I think we need to be careful about what "bad faith" means. After all, arguments in a court of law are "bad faith" in the sense that the lawyers involved are obligated to make the most persuasive argument whether they believe it or not. And we judge those on merit rather than motive because that's how truth works.

To me, "bad faith" means things like not engaging with the replies and incorporating them into responses and continually resetting the discussion (a constant problem in our exchanges), or deliberately trying to misunderstand. I'm not sure how you're using it, but it only seems to apply if you define it was just "being kind of belligerent." Which isn't something I like, but also isn't something so manifestly racist or genuinely bad faith that it shouldn't even have to be addressed. It's become strangely common for people to devote most of their argumentative energy to explaining why they shouldn't have to really respond to things.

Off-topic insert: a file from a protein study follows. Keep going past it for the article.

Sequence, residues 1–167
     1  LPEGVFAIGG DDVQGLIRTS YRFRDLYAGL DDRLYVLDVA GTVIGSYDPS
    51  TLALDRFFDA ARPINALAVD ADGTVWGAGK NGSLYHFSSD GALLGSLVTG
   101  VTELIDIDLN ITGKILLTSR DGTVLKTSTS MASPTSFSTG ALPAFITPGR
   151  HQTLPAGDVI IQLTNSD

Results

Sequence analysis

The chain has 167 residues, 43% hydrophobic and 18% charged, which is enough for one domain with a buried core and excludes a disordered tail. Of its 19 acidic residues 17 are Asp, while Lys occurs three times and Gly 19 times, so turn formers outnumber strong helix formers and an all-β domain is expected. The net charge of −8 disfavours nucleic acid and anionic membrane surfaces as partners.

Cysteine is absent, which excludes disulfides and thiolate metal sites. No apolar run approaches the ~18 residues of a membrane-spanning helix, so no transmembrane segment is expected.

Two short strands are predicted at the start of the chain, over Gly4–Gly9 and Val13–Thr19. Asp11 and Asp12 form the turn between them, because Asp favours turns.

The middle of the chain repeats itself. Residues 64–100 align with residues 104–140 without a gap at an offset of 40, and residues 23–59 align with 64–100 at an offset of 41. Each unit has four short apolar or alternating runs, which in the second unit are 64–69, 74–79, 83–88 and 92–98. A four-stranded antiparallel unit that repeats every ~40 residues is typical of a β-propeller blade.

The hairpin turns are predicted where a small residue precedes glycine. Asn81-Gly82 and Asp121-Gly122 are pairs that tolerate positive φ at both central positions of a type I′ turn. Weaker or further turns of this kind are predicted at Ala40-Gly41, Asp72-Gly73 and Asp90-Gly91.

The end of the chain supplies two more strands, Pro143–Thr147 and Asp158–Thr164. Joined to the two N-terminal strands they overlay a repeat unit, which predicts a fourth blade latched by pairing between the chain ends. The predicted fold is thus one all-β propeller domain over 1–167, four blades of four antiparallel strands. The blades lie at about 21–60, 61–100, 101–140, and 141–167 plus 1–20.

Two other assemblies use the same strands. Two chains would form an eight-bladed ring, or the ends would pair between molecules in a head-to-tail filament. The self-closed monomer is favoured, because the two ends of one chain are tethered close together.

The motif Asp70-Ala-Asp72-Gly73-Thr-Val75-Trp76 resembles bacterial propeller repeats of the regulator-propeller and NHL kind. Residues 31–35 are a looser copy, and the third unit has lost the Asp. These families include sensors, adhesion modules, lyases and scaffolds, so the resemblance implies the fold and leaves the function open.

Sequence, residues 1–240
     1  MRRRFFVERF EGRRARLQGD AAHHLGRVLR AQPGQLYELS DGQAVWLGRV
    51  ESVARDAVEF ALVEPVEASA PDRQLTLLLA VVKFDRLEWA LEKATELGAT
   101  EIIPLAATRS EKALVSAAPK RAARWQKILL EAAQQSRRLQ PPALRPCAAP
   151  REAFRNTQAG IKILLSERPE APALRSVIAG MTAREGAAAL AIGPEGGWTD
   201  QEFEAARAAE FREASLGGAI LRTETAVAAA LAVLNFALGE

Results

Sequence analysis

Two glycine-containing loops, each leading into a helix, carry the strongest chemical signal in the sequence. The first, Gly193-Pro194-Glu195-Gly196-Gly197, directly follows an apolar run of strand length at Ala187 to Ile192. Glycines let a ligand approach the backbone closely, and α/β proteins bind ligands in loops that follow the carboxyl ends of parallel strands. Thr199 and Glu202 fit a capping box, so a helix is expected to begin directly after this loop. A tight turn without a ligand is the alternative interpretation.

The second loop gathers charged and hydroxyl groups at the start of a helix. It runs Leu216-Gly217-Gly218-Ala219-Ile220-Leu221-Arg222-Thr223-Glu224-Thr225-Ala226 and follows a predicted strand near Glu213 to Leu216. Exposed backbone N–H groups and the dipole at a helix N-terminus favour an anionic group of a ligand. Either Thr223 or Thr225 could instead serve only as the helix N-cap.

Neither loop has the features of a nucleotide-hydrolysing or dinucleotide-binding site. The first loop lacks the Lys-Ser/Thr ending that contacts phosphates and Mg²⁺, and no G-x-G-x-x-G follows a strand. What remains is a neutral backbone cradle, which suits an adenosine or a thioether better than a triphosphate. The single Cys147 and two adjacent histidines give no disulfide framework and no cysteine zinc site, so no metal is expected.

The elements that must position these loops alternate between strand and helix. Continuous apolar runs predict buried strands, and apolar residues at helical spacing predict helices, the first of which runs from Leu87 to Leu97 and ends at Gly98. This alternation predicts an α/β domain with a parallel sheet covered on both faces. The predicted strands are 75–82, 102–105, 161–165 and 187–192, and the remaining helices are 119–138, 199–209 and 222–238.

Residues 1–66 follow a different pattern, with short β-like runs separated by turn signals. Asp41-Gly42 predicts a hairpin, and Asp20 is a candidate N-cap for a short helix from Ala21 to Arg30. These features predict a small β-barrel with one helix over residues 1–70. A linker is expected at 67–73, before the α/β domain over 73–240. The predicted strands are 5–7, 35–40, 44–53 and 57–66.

It's not like I haven't been trying to field other people's motte-and-bailey arguments about what counts as "SJW" in this thread and others with decidedly mixed results.
Yeah, that's certainly a problem. I'd sure like that frustration to translate into empathy for my repeated attempts to have these conversations, though. As I continually point out, these discussions are offered up again and again, and they immediately get dropped in favor of taking shots at less thoughtful arguments. Is the point to actually defend a viewpoint against the best argument against it (which is what you do if you really believe in it and are willing to test it), or just to make it look better by only putting it up against weaker ones?



Well as far as SJW people, if that is the correct term to call them, being white goes, it seems that more of them are white which is ironic. Is is a white guilt thing perhaps?

Like when the remake of Ghost in the Shell came out, so many white Americans were complaining about how the character was changed from Asian to white, where as a lot of Japanese fans, of the source material, thought that white Americans were making too big a deal of it, and that it was okay, since it was an American remake.